CHAI’s Success Sets the Law Straight on Welfare Benefits and Bank Arrestments

Our in-house housing team (EHAP) has received an honourable mention and thanks from the sheriff in an important decision, which is now authority for welfare claimants in Scotland objecting to an arrestment of their bank account by a debt collector.

EHAP’s involvement in the case arose through attending the twice weekly hearings of Edinburgh sheriff court, to be on hand to assist homeowners facing cases for possession by a mortgage lender or sequestration. During the hearing a case called which grabbed attention because of having advised a colleague on a similar case for a client of another of CHAI’s advice services.

In the sheriff court hearing Mr McKenzie was objecting to having his bank account arrested by Scott & Co. for a debt to City of Edinburgh Council. He had lodged the objection himself, as the process is excluded from any assistance from Legal Aid. In his objection, Mr McKenzie cited the Social Security legislation which provides that welfare benefits are inalienable and cannot be subject to diligence (debt enforcement) by a creditor.

The solicitor for the Council made an argument against Mr McKenzie’s objection, in which they cited a previous court decision. In that, the sheriff had accepted the contention that once welfare benefit was paid into a bank account it ceased to be a benefit payment and became money in a bank account, which could be subject to an arrestment.

During a pause for the sheriff to read the written submissions, the EHAP adviser intervened to offer advice to Mr McKenzie. We brought to his attention that the previous court decision being relied upon by the Council was not authority for their argument, because it had been overturned on appeal. On reconvening, the sheriff asked for further details, and we were able to advise the court that the appeal to the Sheriff Principal had reversed the decision of the sheriff, but that it had not been published in any of the regular law reports. As a result, Mr McKenzie’s case was continued for both parties to make further submissions.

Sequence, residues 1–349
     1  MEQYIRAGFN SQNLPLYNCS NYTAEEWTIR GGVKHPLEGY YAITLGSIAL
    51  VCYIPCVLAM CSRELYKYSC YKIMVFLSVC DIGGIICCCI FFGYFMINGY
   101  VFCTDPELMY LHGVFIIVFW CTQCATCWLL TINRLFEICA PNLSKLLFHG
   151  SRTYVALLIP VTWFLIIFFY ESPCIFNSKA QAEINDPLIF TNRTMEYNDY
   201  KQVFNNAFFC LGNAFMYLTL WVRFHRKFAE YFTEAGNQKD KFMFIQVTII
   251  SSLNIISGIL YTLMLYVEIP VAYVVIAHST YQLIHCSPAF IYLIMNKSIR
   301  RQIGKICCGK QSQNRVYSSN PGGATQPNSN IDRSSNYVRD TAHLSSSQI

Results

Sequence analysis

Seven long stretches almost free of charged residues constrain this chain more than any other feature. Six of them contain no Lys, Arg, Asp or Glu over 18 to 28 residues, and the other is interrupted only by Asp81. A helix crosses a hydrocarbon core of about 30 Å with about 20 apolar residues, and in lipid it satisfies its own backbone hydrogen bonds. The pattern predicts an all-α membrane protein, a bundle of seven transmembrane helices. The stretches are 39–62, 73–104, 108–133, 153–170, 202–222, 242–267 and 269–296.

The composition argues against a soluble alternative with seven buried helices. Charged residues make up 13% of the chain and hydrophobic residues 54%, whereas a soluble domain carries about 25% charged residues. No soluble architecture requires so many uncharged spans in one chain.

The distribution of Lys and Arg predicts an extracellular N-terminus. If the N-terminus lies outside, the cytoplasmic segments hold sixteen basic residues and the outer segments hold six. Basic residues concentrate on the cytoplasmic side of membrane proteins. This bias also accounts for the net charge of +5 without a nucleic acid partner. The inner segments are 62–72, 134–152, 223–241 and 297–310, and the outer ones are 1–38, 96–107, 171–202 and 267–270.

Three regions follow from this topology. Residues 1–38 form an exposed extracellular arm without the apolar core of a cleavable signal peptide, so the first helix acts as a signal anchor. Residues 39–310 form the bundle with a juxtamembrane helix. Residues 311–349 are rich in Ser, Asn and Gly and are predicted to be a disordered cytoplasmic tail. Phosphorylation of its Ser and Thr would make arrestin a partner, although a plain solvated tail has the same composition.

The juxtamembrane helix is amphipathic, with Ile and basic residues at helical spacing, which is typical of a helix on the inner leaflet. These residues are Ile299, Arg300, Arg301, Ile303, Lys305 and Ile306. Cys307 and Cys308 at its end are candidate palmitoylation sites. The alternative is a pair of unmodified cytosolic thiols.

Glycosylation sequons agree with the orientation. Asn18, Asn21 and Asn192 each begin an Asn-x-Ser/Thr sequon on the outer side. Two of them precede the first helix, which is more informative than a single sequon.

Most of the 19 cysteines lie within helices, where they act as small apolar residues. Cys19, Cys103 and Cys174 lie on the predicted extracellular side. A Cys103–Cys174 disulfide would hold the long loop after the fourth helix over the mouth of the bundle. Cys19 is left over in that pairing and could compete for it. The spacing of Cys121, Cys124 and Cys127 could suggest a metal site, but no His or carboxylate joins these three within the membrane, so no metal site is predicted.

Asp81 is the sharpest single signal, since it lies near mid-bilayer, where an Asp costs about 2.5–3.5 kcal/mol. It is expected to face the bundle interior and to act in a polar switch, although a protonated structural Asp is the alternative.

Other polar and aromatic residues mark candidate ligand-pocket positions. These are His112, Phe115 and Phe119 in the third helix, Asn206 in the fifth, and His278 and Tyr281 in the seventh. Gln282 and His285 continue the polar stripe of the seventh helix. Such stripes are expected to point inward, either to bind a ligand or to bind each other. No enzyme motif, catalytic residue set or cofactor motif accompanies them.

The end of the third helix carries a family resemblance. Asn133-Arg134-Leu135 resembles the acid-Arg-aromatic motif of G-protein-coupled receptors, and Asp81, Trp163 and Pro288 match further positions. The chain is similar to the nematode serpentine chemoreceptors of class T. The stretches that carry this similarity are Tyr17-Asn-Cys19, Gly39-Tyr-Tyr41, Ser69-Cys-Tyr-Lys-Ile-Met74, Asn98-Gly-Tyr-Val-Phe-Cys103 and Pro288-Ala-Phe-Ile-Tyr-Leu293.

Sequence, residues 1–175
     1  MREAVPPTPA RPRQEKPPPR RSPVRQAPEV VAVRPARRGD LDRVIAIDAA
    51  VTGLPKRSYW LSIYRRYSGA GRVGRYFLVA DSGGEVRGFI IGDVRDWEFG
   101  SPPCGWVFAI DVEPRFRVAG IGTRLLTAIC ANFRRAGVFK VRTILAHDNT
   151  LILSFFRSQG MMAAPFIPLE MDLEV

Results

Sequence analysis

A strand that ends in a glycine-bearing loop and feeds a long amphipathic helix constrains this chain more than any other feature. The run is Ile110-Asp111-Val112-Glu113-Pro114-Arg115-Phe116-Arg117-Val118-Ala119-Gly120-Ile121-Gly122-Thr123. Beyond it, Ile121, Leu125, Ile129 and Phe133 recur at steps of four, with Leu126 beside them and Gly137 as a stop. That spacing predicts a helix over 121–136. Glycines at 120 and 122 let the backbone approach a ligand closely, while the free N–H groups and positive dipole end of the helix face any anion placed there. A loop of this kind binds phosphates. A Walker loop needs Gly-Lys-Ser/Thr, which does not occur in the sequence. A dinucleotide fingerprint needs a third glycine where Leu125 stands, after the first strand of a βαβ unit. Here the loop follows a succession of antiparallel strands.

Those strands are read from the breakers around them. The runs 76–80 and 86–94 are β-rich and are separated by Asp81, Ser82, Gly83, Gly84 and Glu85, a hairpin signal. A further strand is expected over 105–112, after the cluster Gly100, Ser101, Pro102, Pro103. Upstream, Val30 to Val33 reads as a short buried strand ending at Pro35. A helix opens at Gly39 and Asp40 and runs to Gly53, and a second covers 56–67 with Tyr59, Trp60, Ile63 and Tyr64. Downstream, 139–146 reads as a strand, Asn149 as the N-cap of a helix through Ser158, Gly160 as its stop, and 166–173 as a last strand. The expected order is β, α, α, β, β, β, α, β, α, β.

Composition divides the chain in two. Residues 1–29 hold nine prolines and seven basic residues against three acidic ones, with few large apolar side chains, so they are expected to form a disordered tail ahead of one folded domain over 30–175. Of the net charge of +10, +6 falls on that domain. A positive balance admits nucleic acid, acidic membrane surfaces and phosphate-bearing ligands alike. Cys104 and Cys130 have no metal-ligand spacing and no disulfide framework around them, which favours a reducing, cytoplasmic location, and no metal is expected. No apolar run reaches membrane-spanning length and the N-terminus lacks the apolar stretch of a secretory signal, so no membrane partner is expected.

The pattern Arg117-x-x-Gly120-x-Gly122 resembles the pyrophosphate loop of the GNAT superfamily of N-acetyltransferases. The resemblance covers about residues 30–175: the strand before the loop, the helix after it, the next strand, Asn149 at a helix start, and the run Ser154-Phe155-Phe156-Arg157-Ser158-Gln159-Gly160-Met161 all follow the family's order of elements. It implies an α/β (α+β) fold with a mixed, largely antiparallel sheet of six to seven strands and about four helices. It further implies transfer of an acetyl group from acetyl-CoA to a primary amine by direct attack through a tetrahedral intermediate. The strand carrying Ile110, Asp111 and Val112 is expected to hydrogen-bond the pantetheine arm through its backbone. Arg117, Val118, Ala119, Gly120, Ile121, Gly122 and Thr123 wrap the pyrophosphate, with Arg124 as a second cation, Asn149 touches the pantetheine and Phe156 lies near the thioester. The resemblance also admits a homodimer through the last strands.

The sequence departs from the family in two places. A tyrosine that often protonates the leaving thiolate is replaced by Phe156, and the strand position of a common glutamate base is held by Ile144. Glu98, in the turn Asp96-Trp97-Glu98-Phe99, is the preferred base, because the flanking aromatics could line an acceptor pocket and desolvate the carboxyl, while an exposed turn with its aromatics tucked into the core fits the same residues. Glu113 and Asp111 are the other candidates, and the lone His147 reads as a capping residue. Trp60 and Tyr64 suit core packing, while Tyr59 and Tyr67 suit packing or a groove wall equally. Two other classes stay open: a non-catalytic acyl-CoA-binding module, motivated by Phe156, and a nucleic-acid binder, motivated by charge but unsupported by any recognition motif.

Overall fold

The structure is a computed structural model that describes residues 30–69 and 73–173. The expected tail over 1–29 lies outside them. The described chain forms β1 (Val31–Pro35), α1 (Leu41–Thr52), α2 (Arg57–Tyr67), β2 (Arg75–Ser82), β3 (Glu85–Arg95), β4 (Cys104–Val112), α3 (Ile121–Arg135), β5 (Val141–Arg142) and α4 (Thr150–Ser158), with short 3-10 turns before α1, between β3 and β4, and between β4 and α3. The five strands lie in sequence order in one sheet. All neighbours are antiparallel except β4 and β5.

We met with Mr McKenzie to discuss his case and advise on his options. Knowing that the case would include detailed legal pleadings, and that the Council had a large firm of solicitors representing it, we advised Mr McKenzie that we could ask the Faculty of Advocates for assistance. Through their Free Legal Services Unit, charities can ask for help from an advocate willing to work pro bono (voluntarily and unpaid, for the public good). That was the route Mr McKenzie chose and the Faculty came good, with an advocate willing to work on the case.

The case progressed with case conferences with the client and advocate being held online. Further written submissions were made by the advocate and procedural hearings attended. Then an in-person hearing at the sheriff court took place for legal arguments, by which point the City of Edinburgh Council was joined by the Bank of Scotland in opposing our client’s objection to the bank arrestment.

Finally, we received the written decision of Sheriff Corke. In that, the arguments of the Council and the Bank were rejected. The sheriff held that the underlying purpose of Social Security benefits was to provide the beneficiary and any dependants with the basic necessities of life. Further, that the intention of Parliament was that those benefits were for the protection of the person in need and not for the satisfaction of creditors. In doing so, the sheriff endorsed the earlier appeal decision which had gone unreported, and expressed gratitude to EHAP for ensuring that the court was not misled on the previous case law.

The full decision ([2023] SC EDIN 21) is available from the Scottish Courts & Tribunals Service website:
You can read more about this case on the Scottish Legal News website: